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Editorial: The Many Pros and Cons of the OUYA

Marcus Estrada

Chances are you've heard about the OUYA game console already. If you haven't, then you're definitely in the minority. Just a few days after the project launched on Kickstarter it accumulated 25,000+ backers and over 3 million dollars. This showing has surpassed the last massive Kickstarter success that was the Double Fine Adventure which made 3.3 million by the end. OUYA still has nearly a month to grow even larger.


The device basically plans to be something which will bring new developers back to the living room space. Product starter Julie Uhrman bemoans the shift of indie development to smartphones and tablets. Her hope, and apparently many others' as well, is to have this device verge the gap. As the OUYA is an Android-powered device, it hopes to attract developers with a similarly low barrier of entry to create as smartphones do today. So, how is it setting to accomplish its various goals? What about the project seems smart and what other parts seem problematic? Let's examine the OUYA.





Pro - Android 4.0


Right now, the OUYA is a fairly competent device in comparison to smartphones and tablets (especially considering price). With a focus on Android, it will also maintain a friendly-looking starting point for interested developers. While most hobbyist coders may shirk from the mere thought of developing a PS3 game, they generally aren't as reserved about smartphone development. Do you see how many apps are available across Apple and Google's respective marketplaces? Yeah, it's not the hardest to develop for and this seems why they went with making it an Android device.




It's not the same exact Android OS that smartphones are using. While there is a strong and growing library of Android games, they aren't all going to work on the OUYA right out of the box. Since we don't have more details about this, it may be very simple to translate the smartphone version of an app into the OUYA version, or it might not. Even though the controller has a touch screen, it remains to be seen how well that would translate with already existing games. Regardless, every app maker in the world isn't going to just suddenly make itself compatible with the controller. So far, there has been positive response to the project from the likes of Adam Saltsman (Canabalt) and Mojang (Minecraft), but it remains to be seen who will end up supporting the device.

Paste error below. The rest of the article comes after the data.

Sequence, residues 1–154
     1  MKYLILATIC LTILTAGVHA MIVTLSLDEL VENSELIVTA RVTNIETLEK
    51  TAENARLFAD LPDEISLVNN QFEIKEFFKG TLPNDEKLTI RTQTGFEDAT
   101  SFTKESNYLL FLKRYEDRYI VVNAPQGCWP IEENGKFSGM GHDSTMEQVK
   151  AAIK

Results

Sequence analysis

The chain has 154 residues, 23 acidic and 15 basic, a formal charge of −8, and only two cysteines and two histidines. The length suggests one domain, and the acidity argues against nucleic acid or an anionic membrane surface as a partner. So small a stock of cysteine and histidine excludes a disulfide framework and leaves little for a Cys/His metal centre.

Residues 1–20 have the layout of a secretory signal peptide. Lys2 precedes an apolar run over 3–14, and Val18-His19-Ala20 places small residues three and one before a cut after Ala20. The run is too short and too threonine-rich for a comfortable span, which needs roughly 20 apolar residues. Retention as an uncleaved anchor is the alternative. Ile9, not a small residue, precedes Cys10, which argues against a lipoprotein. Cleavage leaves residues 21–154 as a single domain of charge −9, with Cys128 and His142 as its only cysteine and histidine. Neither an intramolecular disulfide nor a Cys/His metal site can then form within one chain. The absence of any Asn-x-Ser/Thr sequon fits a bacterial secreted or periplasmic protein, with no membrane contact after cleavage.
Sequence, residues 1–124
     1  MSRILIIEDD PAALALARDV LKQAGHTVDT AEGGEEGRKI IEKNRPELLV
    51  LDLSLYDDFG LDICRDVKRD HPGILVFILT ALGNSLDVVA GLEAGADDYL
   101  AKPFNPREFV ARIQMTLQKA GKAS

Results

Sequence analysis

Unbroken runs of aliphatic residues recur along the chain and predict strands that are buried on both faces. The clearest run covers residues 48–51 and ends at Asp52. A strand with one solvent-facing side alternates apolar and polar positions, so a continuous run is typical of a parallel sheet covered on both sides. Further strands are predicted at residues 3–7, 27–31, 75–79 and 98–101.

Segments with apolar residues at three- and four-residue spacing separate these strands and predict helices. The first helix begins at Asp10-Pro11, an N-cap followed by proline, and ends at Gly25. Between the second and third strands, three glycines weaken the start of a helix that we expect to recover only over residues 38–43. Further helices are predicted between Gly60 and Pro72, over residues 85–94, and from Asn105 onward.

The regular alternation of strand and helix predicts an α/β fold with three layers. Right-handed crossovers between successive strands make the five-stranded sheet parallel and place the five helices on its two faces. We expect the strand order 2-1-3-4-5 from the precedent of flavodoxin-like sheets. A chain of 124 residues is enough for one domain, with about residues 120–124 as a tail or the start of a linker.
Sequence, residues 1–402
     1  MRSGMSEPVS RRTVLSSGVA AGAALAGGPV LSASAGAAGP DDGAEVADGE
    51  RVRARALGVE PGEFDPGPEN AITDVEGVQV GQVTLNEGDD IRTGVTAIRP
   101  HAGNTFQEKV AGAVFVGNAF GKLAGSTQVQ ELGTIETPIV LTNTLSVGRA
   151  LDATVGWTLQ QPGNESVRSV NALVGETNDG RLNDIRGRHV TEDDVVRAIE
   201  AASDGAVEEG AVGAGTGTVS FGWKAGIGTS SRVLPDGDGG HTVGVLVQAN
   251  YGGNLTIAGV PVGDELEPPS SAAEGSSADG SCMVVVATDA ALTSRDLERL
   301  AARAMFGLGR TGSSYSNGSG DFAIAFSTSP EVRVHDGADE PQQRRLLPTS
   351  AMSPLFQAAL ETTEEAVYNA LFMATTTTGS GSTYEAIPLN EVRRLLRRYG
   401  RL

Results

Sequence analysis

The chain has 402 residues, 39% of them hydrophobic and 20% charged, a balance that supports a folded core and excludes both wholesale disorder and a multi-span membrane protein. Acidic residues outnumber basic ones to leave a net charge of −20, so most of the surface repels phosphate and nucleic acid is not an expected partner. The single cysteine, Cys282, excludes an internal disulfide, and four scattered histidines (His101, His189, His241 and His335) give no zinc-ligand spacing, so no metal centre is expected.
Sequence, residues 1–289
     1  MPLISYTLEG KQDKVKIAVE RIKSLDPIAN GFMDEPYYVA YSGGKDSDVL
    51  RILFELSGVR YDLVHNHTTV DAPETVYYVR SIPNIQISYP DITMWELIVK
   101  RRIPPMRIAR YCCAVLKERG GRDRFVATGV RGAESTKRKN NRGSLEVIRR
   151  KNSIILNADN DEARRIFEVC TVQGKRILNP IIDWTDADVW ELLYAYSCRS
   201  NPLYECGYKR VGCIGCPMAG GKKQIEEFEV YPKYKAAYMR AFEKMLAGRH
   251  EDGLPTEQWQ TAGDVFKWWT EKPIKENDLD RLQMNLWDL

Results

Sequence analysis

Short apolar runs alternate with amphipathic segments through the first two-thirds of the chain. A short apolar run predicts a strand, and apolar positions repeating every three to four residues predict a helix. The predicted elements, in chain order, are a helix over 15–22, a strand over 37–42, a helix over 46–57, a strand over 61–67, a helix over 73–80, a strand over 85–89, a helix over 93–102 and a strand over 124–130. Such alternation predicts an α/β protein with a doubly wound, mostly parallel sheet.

Pro - Tegra3 Quad-Core Processor


This processor, along with a gigabyte of RAM, is capable of playing really nice games. Many people expect an Android-based device to bring out Flash game quality. This isn't the case at all though. Anyone who has been paying attention to the mobile gaming scene has probably noticed that some games look pretty darn good. It won't be top of the line by the time the device releases, but it's certainly a nice start for the price.




Everyone isn't born knowing how to best make use of the Tegra3. Most people who develop Android games aren't jumping in with a load of skill behind them. This isn't a bad thing, but most developers won't be prepared to fully harness the power of the processor. Most of the companies making gorgeous mobile games are just that - companies. OUYA seems to wish to appeal most to new or casual developers so don't expect to see too many games like in that demo reel.





Pro - Open Development Environment


Every OUYA is a console as well as a devkit. This is massive in the world of gaming. Why? Well, most times devkits are completely separate units which cost ungodly amounts of money. Having a fairly cheap device that you can immediately start fiddling with from the start is an awesome concept. Probably the majority of people getting a OUYA won't be in it for this feature, but for those who are so inclined it is a great bonus. Modify the system all you want as none of it voids the warranty!